Frank Money. I can’t think of a better, more ironic, name for the hero of Toni Morrison’s new novel, Home. In only 148 short pages (somehow I picture Toni Morrison on that old game show Name that Tune proudly declaring, “I can name that tune in zero notes!” like she could divine what the song will be; and she herself does not waste a single note, syllable or word when she composes) she takes us Home - to an emotionally and psychologically damaged Korean war vet trying to find his way back to Georgia to rescue his little sister from some deep trouble. More so than any past novels, this one is about as straightforward and accessible as a Morrisonian narrative can get, though there’s a brilliant little conceit where between chapters Frank Money is speaking directly to Morrison and reveals some gut-wrenching secrets.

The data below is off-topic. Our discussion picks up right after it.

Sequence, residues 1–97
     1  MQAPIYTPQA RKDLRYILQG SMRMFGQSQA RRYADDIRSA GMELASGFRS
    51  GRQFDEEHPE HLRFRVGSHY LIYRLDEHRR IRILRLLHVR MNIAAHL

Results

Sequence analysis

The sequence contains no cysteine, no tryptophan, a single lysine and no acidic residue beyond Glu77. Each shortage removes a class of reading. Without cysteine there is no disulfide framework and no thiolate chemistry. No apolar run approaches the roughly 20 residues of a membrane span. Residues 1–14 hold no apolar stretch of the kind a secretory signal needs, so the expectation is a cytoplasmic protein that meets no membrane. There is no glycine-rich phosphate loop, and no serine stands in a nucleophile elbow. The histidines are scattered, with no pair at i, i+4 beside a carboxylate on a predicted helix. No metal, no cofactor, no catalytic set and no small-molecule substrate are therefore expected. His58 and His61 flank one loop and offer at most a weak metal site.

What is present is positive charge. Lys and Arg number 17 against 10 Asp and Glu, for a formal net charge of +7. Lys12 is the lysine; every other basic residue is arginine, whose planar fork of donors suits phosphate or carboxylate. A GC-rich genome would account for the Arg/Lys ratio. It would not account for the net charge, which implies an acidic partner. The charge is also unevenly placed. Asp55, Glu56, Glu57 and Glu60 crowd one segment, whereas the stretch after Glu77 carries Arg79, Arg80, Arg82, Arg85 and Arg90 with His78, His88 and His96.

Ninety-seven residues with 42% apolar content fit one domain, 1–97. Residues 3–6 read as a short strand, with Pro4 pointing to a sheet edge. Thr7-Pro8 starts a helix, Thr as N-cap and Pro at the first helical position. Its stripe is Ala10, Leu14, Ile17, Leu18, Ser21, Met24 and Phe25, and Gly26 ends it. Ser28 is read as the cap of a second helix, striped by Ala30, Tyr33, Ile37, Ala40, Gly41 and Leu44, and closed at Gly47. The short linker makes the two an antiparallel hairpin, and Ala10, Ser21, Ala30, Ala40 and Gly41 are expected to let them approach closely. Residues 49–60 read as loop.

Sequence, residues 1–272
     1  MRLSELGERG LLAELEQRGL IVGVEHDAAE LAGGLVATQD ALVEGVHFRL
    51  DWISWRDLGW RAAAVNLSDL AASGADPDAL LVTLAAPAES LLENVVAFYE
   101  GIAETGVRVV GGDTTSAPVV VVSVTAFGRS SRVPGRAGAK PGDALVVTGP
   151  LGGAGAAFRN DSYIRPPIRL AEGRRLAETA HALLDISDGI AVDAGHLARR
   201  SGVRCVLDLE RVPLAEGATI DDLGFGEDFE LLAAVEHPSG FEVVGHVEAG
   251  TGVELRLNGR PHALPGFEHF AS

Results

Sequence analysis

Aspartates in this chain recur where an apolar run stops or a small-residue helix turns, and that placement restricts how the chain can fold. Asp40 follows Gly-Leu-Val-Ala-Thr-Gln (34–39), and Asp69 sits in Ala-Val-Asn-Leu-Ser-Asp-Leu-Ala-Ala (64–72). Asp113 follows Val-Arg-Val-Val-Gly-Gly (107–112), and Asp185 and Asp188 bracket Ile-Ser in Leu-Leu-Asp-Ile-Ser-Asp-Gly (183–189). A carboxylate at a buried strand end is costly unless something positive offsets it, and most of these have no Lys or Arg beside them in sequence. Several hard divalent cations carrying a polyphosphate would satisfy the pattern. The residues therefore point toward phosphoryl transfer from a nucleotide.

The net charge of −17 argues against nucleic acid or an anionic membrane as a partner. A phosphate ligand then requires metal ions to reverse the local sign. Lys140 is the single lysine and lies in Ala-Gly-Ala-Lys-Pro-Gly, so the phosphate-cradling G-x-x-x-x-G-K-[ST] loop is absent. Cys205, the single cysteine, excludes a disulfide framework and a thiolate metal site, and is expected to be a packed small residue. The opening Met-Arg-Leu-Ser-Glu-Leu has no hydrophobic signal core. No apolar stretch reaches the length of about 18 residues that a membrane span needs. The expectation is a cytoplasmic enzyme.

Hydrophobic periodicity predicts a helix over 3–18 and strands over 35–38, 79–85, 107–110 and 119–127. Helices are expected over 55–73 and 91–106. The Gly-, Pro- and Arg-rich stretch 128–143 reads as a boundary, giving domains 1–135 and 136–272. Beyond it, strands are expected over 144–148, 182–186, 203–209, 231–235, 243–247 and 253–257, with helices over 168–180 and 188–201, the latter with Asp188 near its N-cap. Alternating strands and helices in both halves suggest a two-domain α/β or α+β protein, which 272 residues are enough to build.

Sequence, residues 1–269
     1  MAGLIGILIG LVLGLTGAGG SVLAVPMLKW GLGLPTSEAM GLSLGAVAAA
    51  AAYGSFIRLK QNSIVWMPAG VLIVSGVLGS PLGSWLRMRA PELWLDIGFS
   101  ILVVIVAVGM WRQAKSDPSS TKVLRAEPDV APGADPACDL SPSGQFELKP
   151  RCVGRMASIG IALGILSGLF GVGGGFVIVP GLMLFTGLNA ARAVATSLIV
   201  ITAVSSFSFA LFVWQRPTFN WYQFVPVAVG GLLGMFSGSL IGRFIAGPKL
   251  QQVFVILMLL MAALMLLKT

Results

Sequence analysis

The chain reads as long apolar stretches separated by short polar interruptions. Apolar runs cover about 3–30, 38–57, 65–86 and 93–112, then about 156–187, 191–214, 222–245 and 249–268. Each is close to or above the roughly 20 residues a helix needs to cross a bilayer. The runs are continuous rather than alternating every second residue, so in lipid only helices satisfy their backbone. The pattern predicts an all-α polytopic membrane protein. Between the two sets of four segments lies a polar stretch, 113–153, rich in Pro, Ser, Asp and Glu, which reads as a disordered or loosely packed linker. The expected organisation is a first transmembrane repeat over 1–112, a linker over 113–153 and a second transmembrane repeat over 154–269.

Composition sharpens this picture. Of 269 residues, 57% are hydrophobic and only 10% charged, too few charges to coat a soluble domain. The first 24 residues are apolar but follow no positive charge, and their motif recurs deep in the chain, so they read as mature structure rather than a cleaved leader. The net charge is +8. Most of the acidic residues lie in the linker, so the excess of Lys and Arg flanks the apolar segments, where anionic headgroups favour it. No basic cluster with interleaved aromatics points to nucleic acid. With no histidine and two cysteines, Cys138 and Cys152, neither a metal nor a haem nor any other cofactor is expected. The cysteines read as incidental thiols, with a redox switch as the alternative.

As she paints for us Frank Money’s journey, Morrison gives us glimpses into the lives and mindsets of people marginalized by society and peppers her tale with those signature Morrison observations, including one passage that playfully argues the only logical response to Truman dropping that atom bomb was for the subculture to create bebop and scat. There’s also a great little episode where Frank Money is taken in for the night by a good Samaritan whose young son (a precocious and determined math wiz) interrogates Frank about his time in Korea and ultimately how if felt to kill a man, and how Frank’s responses color the boy’s view of this strange guest in his house. The boy’s “deep” his father had warned Frank…but when asked what he wants to be when he grows up, the boy responds to Frank succinctly, “A man.” (pg 33) Continue reading